Posts Tagged ‘Illimitable Dolor’

Illimitable Dolor - Leaden Light

Australian death/doom lords Illimitable Dolor return with the follow up to their stunning, self titled debut, ‘Leaden Light. Their grasp of atmosphere is definitively still intact, but have they got the songs to back up their aura. The album is out now through Transcending Obscurity.

A crack of thunder and sheets of rain begins the epic opener ‘Armed He Brings the Dawn’, looming from the mist with massive riffs and a mighty roar. Miserable organ seeps through, while the gloom is broken by shafts of excellent lead guitarwork. The whole song feels infused with loss at a base level, melancholic but yet majestic in its heartbreak. The same could be said for the entire record though, through the weeping riffs of ‘Leaden Light Her Coils’ and the heaving roil of ‘Horses Pale and Four’. The moments of glacial calm, like in ‘Soil She Bears’, provide the respite needed to cope with an album of such magnitude.

Some albums feel more like an experience than ‘just a record’. Illimitable Dolor’s debut felt like that, and ‘Leaden Light’ has that same feeling. It encourages your participation as a victim of misery, which we all have been. An imperious, monolithic album that shows fragility through the cracks. Awe inspiring.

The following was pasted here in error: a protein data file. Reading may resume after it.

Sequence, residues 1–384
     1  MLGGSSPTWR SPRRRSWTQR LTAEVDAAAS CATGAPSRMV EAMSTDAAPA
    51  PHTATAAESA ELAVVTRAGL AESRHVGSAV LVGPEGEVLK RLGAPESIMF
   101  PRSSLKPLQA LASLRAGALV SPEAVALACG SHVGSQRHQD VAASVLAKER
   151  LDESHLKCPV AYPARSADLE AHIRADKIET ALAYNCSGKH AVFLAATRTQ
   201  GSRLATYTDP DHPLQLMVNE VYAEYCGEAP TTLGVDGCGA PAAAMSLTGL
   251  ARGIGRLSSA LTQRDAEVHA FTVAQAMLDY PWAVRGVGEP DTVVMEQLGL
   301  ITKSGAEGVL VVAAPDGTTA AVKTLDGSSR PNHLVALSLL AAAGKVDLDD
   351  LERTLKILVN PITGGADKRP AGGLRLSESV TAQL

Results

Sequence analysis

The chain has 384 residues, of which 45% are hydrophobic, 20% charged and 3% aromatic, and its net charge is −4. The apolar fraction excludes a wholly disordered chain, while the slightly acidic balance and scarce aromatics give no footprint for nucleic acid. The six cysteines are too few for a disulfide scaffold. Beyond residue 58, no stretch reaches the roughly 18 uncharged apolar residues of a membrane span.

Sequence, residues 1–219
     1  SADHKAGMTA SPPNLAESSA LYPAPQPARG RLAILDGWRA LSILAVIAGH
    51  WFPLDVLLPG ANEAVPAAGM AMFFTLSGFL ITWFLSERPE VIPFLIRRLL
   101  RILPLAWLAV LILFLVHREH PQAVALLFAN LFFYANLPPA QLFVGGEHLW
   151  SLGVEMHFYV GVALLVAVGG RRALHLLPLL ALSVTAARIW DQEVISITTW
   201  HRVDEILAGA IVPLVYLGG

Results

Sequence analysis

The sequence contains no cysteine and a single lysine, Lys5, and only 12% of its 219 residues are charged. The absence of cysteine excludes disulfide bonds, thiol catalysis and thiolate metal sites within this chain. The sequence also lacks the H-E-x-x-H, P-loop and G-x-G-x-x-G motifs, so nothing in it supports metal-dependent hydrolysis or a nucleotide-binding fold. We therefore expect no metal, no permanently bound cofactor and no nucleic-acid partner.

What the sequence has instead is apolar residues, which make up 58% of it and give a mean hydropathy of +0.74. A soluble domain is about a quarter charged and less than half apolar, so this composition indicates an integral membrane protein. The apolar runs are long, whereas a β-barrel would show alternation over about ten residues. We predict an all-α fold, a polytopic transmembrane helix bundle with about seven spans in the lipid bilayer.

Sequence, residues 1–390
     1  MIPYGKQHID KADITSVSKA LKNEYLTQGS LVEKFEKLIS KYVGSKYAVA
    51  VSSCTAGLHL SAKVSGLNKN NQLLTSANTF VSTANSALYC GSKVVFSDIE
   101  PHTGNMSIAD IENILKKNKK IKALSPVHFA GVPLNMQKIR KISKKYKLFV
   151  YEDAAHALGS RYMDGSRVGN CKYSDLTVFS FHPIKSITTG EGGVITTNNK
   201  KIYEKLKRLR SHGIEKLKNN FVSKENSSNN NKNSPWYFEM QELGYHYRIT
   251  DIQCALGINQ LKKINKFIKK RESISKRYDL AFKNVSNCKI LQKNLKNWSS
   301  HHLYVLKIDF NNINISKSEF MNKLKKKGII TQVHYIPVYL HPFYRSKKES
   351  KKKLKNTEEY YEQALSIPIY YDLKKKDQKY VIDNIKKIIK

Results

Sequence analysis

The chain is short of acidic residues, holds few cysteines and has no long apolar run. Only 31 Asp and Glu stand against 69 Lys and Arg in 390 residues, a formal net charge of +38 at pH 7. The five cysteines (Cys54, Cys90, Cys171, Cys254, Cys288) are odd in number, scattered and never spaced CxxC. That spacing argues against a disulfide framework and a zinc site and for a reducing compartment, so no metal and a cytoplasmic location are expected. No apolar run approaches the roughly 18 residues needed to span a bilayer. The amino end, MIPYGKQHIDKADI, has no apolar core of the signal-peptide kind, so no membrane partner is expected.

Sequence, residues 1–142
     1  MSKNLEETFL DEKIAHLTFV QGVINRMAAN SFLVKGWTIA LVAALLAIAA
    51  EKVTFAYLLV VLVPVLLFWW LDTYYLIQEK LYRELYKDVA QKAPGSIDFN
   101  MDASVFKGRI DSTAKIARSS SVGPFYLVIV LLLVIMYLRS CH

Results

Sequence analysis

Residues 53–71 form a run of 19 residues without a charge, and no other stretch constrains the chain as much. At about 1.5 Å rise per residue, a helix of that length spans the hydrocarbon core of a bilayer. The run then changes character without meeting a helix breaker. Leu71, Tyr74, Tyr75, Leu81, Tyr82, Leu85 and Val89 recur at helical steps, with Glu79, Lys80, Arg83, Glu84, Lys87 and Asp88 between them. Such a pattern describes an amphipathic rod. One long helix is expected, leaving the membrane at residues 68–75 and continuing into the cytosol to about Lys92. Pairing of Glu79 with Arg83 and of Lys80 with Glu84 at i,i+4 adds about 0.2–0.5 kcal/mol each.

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Australian death/doom lords Illimitable Dolor have risen from the reamaining members of  legendary icons The Slow Death, paying tribute to their deceased former vocalist Gregg WIlliamson with this self titled record, full of heart wrenching death/doom songs. It is due to be released in March by Transcending Obscurity, and raises a miserable glass to the memory of their lost friend.

Opener ‘Rail of Moon, a Stone’ is monolithic, painful and haunting. Vast riffs crush melancholic melodies, while a powerful roar intones ragged emotion. Illimitable Dolor show the strength brought by very real grief and pain, and how it can lead to music of fragile beauty. It seems strange to call these kind of massive, weatherbeaten monsters of songs fragile, but the feeling of loss is palpable. ‘Comet Shines or Dies’ leads with weeping guitars and ghostly keys that brings to mind early My Dying Bride, or Mournful Congregation.

The dark majesty of ‘Salt of Brazen Seas’ is enhanced by potent organ melodies at the start, and the mourning growls mix well. In fact, I don’t know if I’ve heard organ used this well since Asva’s ‘What You Don’t Know is Frontier’. That’s one of my favourite funeral doom/drone records ever so that’s a huge compliment. ‘Illimitable Dolor’ is frontrunner now as my favourite doom record this year; a heady mix of the heaviest of riffs and the most fragile of emotions coming together to form a majestic whole. Just listen to the sobbing ‘Abandoned Cuts of River’ and try not to be totally absorbed. I dare you.

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